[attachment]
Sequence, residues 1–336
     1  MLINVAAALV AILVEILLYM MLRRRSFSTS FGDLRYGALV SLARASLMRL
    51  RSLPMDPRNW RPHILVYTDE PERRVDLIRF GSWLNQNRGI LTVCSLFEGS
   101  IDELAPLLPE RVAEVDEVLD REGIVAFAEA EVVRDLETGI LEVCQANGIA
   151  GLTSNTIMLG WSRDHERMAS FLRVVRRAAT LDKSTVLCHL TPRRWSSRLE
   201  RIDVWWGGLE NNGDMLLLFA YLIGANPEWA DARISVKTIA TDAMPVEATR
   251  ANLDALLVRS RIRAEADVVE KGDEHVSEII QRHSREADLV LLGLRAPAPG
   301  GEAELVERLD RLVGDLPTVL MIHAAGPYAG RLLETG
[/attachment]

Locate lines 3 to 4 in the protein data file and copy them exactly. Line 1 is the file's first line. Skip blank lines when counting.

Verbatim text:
    51  RSLPMDPRNW RPHILVYTDE PERRVDLIRF GSWLNQNRGI LTVCSLFEGS
   101  IDELAPLLPE RVAEVDEVLD REGIVAFAEA EVVRDLETGI LEVCQANGIA